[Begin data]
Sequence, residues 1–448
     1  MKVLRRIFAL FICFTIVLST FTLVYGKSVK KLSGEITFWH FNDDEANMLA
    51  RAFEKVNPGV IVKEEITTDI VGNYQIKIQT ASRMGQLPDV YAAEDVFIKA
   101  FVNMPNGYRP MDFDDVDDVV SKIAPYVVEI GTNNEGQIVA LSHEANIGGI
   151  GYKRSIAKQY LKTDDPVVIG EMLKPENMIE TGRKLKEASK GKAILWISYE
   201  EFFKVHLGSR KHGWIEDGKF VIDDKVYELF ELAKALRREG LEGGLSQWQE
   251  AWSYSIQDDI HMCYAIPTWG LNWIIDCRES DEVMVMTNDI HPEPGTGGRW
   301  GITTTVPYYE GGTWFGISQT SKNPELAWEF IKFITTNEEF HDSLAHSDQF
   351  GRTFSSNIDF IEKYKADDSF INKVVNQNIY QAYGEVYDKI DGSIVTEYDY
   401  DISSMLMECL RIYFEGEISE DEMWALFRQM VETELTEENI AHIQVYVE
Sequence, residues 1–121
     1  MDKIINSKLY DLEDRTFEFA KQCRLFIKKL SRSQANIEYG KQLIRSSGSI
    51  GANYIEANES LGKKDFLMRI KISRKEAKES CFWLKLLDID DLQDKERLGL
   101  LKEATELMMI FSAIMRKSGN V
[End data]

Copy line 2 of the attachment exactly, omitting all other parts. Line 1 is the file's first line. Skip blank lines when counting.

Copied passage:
     1  MKVLRRIFAL FICFTIVLST FTLVYGKSVK KLSGEITFWH FNDDEANMLA